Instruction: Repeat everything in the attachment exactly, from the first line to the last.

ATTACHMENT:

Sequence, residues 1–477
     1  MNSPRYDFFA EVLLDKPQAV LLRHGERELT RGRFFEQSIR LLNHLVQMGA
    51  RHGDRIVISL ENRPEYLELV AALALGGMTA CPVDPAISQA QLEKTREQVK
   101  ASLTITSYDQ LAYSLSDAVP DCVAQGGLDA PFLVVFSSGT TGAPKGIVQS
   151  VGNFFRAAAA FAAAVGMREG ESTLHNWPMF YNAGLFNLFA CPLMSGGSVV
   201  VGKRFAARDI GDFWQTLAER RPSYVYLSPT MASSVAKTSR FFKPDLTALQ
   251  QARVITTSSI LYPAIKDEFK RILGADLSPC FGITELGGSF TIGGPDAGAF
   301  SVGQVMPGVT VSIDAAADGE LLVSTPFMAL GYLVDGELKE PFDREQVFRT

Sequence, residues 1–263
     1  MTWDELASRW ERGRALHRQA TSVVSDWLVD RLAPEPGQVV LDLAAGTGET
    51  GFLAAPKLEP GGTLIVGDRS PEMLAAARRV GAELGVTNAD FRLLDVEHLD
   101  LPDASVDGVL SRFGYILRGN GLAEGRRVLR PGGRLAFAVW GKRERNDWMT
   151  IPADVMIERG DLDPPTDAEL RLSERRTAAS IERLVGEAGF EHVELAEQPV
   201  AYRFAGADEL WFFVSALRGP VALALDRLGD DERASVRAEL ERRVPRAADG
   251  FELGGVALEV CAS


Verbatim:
Sequence, residues 1–477
     1  MNSPRYDFFA EVLLDKPQAV LLRHGERELT RGRFFEQSIR LLNHLVQMGA
    51  RHGDRIVISL ENRPEYLELV AALALGGMTA CPVDPAISQA QLEKTREQVK
   101  ASLTITSYDQ LAYSLSDAVP DCVAQGGLDA PFLVVFSSGT TGAPKGIVQS
   151  VGNFFRAAAA FAAAVGMREG ESTLHNWPMF YNAGLFNLFA CPLMSGGSVV
   201  VGKRFAARDI GDFWQTLAER RPSYVYLSPT MASSVAKTSR FFKPDLTALQ
   251  QARVITTSSI LYPAIKDEFK RILGADLSPC FGITELGGSF TIGGPDAGAF
   301  SVGQVMPGVT VSIDAAADGE LLVSTPFMAL GYLVDGELKE PFDREQVFRT

Sequence, residues 1–263
     1  MTWDELASRW ERGRALHRQA TSVVSDWLVD RLAPEPGQVV LDLAAGTGET
    51  GFLAAPKLEP GGTLIVGDRS PEMLAAARRV GAELGVTNAD FRLLDVEHLD
   101  LPDASVDGVL SRFGYILRGN GLAEGRRVLR PGGRLAFAVW GKRERNDWMT
   151  IPADVMIERG DLDPPTDAEL RLSERRTAAS IERLVGEAGF EHVELAEQPV
   201  AYRFAGADEL WFFVSALRGP VALALDRLGD DERASVRAEL ERRVPRAADG
   251  FELGGVALEV CAS